Barrett's Oesophagus

What is Barrett's Oesophagus?

Barrett’s oesophagus is a change in the normal lining of the lower oesophagus (food pipe) in response to longstanding gastro oesophageal reflux disease (GORD or reflux).  People can vary widely in the severity of their reflux symptoms (heartburn or regurgitation), but what is concerning is longer duration of GORD symptoms or new onset of persistent symptoms. The exact cause of Barrett’s is not well understood. Other risk factors for Barrett’s apart from reflux include overweight and obesity, smoking and a family history.

What are the symptoms?

Barrett’s often causes no symptoms and is diagnosed only at the time of an upper GI endoscopy (gastroscopy) in those with reflux. This is where a thin, flexible camera is inserted under sedation to examine the oesophagus and small tissue samples (biopsies) are taken to diagnose Barrett’s.

What are the long term risks?

The long-term risk of Barrett’s oesophagus is development of oesophageal cancer.  Whilst this is a very uncommon complication, early identification and regular monitoring is the only way to prevent cancer in people with Barrett’s.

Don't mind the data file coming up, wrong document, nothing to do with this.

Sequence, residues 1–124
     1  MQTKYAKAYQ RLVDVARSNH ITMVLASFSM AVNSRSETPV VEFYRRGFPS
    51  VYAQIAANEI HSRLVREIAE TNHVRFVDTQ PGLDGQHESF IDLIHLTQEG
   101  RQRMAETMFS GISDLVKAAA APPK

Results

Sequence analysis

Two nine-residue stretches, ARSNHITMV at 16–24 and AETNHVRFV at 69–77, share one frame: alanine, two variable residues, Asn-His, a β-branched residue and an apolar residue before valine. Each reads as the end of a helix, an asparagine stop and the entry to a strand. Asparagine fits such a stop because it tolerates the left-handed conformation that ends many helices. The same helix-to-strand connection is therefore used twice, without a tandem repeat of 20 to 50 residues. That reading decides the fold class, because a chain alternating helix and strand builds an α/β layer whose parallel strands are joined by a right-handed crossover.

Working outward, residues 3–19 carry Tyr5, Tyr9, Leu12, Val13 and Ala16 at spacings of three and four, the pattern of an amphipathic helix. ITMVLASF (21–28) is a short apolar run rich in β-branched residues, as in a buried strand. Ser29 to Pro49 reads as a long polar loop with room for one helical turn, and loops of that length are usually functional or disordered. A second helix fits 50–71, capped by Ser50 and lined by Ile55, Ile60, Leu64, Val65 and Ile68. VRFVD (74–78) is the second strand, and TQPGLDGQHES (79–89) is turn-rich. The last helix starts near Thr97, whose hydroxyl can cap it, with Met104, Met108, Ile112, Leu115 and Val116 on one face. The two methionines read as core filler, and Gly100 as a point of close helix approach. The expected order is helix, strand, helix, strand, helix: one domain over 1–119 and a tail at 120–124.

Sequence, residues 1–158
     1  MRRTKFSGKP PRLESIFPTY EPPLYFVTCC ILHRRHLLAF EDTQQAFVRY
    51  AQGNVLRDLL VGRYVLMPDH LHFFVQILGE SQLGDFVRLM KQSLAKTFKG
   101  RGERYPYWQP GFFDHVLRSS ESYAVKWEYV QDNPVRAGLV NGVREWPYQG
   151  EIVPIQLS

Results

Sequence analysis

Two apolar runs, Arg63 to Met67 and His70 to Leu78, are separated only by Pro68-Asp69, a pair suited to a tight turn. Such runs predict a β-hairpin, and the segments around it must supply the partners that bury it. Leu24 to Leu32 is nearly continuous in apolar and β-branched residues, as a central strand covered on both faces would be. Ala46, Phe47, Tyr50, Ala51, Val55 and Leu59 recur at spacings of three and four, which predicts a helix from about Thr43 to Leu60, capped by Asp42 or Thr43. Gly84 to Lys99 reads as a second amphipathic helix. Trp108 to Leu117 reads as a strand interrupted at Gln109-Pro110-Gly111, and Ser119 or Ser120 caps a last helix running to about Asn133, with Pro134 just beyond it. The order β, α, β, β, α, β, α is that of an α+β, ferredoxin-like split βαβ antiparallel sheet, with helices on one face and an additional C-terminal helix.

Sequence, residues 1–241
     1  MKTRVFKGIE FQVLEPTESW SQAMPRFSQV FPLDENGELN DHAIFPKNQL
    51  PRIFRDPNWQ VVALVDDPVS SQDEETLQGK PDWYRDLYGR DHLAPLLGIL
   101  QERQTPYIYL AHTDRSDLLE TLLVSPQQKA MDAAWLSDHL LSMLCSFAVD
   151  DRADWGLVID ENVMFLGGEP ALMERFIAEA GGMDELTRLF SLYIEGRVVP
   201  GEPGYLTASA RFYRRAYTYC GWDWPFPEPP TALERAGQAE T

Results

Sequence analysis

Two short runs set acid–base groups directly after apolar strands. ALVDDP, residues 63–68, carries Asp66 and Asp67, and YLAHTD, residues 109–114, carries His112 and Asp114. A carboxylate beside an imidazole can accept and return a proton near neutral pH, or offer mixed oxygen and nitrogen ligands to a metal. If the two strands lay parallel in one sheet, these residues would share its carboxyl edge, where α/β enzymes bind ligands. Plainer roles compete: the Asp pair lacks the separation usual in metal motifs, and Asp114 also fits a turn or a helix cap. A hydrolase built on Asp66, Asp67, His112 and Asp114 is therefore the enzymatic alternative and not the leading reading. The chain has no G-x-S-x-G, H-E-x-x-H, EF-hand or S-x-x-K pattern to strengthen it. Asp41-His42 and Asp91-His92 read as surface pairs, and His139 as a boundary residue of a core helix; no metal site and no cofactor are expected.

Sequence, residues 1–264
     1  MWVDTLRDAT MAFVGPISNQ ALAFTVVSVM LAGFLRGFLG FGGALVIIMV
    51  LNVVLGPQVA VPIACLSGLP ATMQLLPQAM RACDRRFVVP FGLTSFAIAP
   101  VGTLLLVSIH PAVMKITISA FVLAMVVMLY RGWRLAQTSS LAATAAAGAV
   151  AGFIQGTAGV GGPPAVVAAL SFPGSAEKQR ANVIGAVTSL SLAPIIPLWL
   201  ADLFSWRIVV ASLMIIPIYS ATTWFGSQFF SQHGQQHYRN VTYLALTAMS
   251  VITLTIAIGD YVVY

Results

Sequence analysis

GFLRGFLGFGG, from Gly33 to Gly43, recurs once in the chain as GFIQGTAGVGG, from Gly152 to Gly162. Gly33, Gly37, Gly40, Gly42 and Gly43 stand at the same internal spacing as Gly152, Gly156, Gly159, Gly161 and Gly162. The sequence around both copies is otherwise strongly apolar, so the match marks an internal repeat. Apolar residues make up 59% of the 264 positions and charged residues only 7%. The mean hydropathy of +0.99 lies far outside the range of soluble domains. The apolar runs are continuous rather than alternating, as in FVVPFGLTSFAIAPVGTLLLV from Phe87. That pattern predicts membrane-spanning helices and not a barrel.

How is Barrett's Oesophagus monitored?

In individuals with Barrett’s gastroscopy is performed usually every 2-3 years in uncomplicated cases for routine monitoring, and more frequently if early pre-cancerous change is identified.  In this scenario, the affected area of Barrett’s can be removed (resected) or destroyed (ablated) using various highly specialised techniques and equipment.

Further Information

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